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respiratory disorders 2.docx

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School
Department
Health Science
Course
HLSC 2461U
Professor
Otto Sanchez
Semester
N/A

Description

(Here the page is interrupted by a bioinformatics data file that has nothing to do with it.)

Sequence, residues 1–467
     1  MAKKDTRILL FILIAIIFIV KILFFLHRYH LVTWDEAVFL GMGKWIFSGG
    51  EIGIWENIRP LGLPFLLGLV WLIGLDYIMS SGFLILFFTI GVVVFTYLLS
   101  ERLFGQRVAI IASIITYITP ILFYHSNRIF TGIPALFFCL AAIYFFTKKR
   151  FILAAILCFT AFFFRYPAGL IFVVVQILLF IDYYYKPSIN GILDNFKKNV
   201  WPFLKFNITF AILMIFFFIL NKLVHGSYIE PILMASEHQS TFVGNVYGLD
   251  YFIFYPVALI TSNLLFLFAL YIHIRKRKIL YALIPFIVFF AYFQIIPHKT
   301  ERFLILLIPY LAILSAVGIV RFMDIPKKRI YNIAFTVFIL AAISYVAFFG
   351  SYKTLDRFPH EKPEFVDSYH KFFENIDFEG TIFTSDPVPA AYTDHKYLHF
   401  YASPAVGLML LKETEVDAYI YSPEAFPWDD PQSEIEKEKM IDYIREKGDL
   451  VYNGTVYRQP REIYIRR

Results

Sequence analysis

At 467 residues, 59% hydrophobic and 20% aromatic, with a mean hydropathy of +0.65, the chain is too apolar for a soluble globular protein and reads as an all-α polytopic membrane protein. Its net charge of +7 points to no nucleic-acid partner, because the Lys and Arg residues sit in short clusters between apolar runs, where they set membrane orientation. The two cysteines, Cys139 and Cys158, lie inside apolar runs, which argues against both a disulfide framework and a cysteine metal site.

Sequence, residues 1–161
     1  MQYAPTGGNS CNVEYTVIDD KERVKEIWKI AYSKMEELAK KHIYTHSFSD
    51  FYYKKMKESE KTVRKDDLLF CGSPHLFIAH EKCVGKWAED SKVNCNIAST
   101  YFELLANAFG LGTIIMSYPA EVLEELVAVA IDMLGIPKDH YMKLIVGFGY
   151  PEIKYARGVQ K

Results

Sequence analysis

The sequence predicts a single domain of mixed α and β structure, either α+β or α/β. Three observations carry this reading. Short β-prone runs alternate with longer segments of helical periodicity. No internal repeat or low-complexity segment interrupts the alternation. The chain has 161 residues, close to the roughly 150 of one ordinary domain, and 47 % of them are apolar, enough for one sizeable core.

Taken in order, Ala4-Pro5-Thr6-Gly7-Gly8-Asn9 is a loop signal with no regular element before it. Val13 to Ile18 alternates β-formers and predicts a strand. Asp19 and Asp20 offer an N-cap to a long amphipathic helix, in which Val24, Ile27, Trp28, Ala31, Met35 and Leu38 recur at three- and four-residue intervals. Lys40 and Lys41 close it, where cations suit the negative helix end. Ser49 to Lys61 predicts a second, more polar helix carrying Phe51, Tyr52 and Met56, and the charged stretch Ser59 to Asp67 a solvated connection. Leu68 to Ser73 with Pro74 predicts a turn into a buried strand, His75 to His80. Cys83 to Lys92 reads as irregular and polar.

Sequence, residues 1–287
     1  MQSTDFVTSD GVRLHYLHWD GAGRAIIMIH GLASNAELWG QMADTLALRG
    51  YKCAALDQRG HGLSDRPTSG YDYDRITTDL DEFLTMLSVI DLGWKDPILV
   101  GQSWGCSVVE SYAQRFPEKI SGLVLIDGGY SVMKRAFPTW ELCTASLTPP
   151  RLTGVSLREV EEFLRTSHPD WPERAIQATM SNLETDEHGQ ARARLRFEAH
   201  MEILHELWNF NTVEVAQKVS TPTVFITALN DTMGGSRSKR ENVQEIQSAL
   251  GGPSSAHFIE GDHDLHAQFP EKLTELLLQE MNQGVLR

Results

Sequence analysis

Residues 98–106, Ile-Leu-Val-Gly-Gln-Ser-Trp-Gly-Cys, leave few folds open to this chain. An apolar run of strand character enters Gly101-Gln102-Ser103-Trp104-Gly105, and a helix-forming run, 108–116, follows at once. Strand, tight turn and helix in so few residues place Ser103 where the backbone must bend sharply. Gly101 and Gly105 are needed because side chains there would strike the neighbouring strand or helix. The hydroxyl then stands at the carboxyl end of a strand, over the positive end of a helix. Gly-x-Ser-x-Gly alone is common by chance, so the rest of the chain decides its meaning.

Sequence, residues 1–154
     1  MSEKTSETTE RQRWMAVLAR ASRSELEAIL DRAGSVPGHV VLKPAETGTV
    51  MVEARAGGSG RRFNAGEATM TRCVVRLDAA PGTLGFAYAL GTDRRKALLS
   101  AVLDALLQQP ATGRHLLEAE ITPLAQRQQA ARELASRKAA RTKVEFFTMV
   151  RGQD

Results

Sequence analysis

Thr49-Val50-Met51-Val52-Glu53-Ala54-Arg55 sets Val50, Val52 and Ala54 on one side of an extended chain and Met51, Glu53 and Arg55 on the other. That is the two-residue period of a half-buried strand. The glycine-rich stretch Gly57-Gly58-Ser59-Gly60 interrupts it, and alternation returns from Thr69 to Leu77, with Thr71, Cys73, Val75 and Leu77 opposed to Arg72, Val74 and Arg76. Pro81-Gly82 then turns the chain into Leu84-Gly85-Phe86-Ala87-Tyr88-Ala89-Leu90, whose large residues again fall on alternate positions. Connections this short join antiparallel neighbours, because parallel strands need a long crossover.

Respiratory Disorders 2 Respiratory Distress Syndrome of the Newborn  some infants are born with this and could go into respiratory failure very quickly (premature)  this is related to surfactant What is Surfactant?  a very thin layer of liquid compounds that is covering all the cells in the alveolar cavity  produced by type 2 alveolar cells which have laminar inclusion bodies which secrete it  composed of molecules that decrease surface tension  produced around week 28 of gestation (born before this = no surfactant)  at week 24, laminar bodies are present along with type 2 pneumocytes or in the cuboidal epithelium What Does it Do?  if cells do not have surfactant, it induces surface tension that tends to close the alveoli  surface tension exerts forces that tend to close the alveoli in the absence of surfactant  there is now a tendency for atelectasis (collapse)  when surfactant is present, it decreases surface tension and allows the alveoli to open  closer look at it  you see the immature lungs, the atelectasis, and that ultimately ends in respiratory failure  respiratory failure is caused by the inadequate alveoli ventilation which will induce respiratory acidosis  there will be changes in the pulmonary arteries: increased pulmonary vascular resistance, it will produce a R to L shunt (PDA!!) because the pressures in the pulmonary arteries and the right chambers of the heart will be increased and that will not allow for the closing of the ductus arteriosis and the foramen ovale Pneumonia  infection of the lungs  acute inflammation inside the alveoli and the alveolar walls  lots of neutrophils/acute inflammatory proteins in the alveoli  in the interstitial space you will see neutrophils and alveolar infiltration, interstitial infiltration  there are many causes and it’s not a single disease but many presentations  there are four types of pneumonia that are infectious and the fifth is related to chemicals (bile from aspiration = aspiration pneumonia), doesn’t burn, pH damages the cells, airways and lungs  there are many types of bacteria that can cause pneumonia: Streptococcus (most common) Influenza Measles (immunosuppressed people) RSV (northern/aboriginal) Mycoplasma (happens with AIDS) Pneumocytosis Carinii is a hallmark for people with AIDS Chlamidya (not sexually transmitted) Types of Pneumonia Lobar Pneumonia: affects the whole lobe, no gas exchange whatsoever! Broncho-Pneumonia: affecting the bronchial segments, more localized, good gas exchange Events During Streptococcal Pneumonia  inhaling streptococcus, virus attaches to alveolar macrophages and the inflammatory response is initiated (acute), produce alveolar infiltration, red hepatisation occurs (lung is full of inflammatory cells so it looks like the liver because it’s so red)  objective of inflammation is to heal and remove Complications of Pneumonia Pleural Effusion: inflammatory process can produce exudate that will spill into pleural cavity Lung Abscess: inflammation may destroy the tissues forming a hole called an abscess which is full of neutrophils, bacteria, etc, may be drained by a surgeon Empyema: when pleural effusion is infectious, causes infection in the pleural cavity that can cause scarring, etc Tuberculosis  another type of lung infection which is in fact a type of pneumonia!  bacteria in TB is called mycobacterium  common in people with aids (called typical mycobacterium)  usually rod-shaped bacilli  acid fast stain is needed to see them  macrophages cannot digest these bacteria so they phagocytoze them  they cannot be destroyed  macrophages produce cytokines which induces more and more inflammatory complexes, they end up forming a structure that basically isolates that inflammatory process from the rest of the lungs  production of a fibrous cuff  a round structure full of mycobacteria, macrophages, and lymphocytes which is called a granuloma  what happens in TB is that the mycobacteria end up forming granulomas in the lugs which is what distinguishes TB How does mycobacterium interact with the lungs?  left hand side from the top; inhaled mycobacteria, alveoli, type 2 macrophages capture them, try to eat them but macrophages cannot eat them (can’t digest), produce cytokines to attract more macrophages, eventually form this structure that isolates the inflammatory process from the rest of the lungs (called a granuloma), mycobacterium end up forming a granuloma in the lungs
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